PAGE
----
Saturday, August 22, 2015

Black and Gold

'Agnes Martin' at The Tate Gallery ends on October the 11th 2015.

Struck initially by the similarity between the strong but understated abstract expressionist grid paintings of Agnes Martin and the regular patterns of brickwork that are such an integral part of both the emotional and built environment in Bruges I found her recently published biography, 'Agnes Martin: Her Life and Art' by Nancy Princenthal in the Raaklijn bookshop. Her practical interest in Zen Buddhism and Asian philosophy is clearly present in her statements about getting rid of intellectual 'ideas' and being 'empty' to respond to pure emotional inspiration not as an expression of personal ego. 

After leaving New York she appeared to renounce the comfort and security of more conventional artists, painting 'with her back to the world' and living a largely spartan solitary life in an adobe house she built herself in New Mexico. She abandoned painting for seven years but this period of transition, along with her closeted homosexuality and periods of mental turbulence were also perhaps important springs of independence and inspiration - her 'voices'. Later in life she enjoyed considerable success, fame and cult status ironically perhaps given her self-effacing self-imposed reclusive lifestyle.

'The beauty is not in the rose the beauty is in your mind'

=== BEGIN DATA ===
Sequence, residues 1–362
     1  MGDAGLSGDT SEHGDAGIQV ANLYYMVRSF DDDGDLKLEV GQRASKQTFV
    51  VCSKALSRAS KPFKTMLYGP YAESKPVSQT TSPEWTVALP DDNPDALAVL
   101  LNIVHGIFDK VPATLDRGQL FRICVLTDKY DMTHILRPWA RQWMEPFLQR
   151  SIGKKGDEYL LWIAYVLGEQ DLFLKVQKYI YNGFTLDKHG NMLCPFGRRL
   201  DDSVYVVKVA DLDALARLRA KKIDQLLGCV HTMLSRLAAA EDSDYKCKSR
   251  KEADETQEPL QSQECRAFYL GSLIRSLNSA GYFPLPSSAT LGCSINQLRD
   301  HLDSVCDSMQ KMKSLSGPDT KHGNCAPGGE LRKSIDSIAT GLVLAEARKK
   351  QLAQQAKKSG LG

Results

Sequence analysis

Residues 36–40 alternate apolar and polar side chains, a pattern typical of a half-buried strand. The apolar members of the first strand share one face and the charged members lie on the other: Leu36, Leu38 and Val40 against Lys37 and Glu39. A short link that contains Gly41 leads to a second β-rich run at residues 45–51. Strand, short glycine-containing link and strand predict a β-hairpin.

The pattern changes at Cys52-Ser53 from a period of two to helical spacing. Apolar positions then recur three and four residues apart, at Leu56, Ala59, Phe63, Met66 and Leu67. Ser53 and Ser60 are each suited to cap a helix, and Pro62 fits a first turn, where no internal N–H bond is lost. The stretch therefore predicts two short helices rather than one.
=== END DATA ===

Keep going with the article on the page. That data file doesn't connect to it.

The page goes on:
The context for this statement can be found in the link below.
Tate Shots: Agness Martin

Agnes Martin, Friendship, 1963, incised gold leaf and gesso on canvas.
Still working on a series of black and white paintings for F which keep changing as further layers 'subtract' earlier layers by a process of 'addition'. This is their current status below.


Agnes Martin felt that music was the best and highest form of art because it was completely abstract and drew a powerful emotional response from the listener.

During the summer I was able to hear three concerts which formed part of the MA festival of early music in Bruges. The Vox Luminis ensemble's perfomance of Giacomo Carissimi's counter reformation oratorio Jepthte and Vanitas Vanitatum alongside compositions by Luigi Rossi, Domenico Mazzocchi and Kaspar Förster at the Sint Jakobskerk was the most moving and powerful for me.  The others MEDIA VITA Stile Antico at the Sint Walburgakerk and  IL TRIONFO DEL TEMPO E DEL DISINGANNO by G.F. Handel with Dunedin Consort ensemble at the concertgebouw which presented an allegorical duel between vanity and transience. 

The following three paintings from the fugitive image series are currently on display at the Raaklijn bookshop in Bruges.

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